As more and more workers acquire temporary legal status in the U.S. and receive new work authorization, employers will be faced with the following common scenario.

An employee has recently legalized their status and acquired an employment authorization document (work permit) from U.S. Citizenship & Immigration Services (USCIS).  She then goes to the Social Security Administration and obtains a new social security number. 

When the employee was originally hired they presented what appeared to be valid work authorization documents. Now the employee comes forward and says my real name is different than the one used at the time of hire, and here is my new social security number and work permit.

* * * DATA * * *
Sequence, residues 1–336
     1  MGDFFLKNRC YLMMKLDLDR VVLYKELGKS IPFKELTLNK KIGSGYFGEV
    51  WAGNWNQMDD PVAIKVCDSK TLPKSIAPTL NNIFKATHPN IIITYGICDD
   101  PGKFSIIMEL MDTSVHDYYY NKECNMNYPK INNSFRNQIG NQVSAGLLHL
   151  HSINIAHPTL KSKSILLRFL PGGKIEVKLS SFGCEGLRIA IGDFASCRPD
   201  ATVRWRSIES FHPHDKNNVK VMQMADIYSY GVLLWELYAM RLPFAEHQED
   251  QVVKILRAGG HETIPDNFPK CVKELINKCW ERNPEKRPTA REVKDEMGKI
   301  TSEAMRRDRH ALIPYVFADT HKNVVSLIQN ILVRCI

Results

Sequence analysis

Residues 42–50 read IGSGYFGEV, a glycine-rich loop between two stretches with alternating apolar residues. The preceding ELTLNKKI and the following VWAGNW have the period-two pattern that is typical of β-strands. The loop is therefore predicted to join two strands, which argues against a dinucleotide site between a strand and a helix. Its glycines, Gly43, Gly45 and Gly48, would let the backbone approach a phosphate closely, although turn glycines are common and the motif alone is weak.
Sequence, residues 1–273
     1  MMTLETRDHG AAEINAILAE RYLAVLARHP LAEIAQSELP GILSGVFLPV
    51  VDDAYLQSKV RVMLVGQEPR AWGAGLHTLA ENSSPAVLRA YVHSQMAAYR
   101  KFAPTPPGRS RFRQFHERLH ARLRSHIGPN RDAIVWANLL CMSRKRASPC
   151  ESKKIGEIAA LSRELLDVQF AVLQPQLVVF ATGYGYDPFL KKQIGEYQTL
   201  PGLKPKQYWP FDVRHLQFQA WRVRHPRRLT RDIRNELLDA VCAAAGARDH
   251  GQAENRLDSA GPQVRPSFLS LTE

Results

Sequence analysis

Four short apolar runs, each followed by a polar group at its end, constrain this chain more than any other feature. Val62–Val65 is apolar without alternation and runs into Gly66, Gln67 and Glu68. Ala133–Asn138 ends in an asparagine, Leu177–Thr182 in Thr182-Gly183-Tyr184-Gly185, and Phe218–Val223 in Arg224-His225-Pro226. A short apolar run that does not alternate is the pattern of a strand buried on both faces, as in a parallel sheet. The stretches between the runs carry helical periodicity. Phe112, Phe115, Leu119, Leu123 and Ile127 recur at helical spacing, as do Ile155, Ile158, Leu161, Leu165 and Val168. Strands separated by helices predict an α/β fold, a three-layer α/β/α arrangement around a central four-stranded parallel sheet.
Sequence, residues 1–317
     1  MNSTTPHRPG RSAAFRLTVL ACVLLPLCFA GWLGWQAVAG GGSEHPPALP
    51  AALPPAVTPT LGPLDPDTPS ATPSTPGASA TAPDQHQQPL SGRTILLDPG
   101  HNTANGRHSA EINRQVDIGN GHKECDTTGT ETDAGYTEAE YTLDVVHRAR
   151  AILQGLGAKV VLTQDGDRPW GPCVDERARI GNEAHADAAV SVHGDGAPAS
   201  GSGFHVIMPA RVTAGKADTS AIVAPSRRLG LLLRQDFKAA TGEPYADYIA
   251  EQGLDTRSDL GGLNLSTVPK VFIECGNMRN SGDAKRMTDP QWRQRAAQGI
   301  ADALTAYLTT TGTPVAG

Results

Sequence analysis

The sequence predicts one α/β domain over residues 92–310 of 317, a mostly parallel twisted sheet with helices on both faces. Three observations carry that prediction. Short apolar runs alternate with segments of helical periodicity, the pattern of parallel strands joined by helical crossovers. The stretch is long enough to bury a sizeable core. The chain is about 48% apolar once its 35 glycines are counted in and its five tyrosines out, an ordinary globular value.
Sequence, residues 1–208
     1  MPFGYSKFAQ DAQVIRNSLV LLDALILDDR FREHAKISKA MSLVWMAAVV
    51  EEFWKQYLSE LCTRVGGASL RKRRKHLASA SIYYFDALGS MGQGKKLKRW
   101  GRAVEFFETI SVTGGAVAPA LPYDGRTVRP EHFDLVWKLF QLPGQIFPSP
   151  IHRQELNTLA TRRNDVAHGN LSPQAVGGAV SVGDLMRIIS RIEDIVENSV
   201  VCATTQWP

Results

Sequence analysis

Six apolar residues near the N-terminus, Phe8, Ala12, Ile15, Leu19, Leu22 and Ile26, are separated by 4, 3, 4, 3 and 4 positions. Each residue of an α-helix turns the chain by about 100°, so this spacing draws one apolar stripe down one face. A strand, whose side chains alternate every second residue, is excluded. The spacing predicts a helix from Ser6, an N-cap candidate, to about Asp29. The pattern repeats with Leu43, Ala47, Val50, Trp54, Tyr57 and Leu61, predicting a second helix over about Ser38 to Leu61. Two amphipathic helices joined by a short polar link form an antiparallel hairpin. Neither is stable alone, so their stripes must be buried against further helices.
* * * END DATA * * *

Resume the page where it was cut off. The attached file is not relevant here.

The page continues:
In this situation, the employer should fill out a new I-9 with the employee, attach a memo explaining the situation and attach a copy of the new work permit and staple all of this to a copy of the old I-9.

Usually, the employer must terminate the old name in their HR information system and process the new one as a new hire.  However, seniority must be retained.  Under California law (AB 263 eff 01/01/2014) an employer is prevented from taking adverse action against an employee who legalizes their status and presents a new name, social security number, and work authorization document.  The prior misrepresentation is also forgiven under California law and isn’t grounds for termination.

Perhaps the most practical approach is to consider the event as a name change with the unusual component that the social security number has also changed.

About the Author:  Greg Berk is Special Counsel at Sheppard Mullin where his practice focuses exclusively on immigration and visa matters.  He can be reached at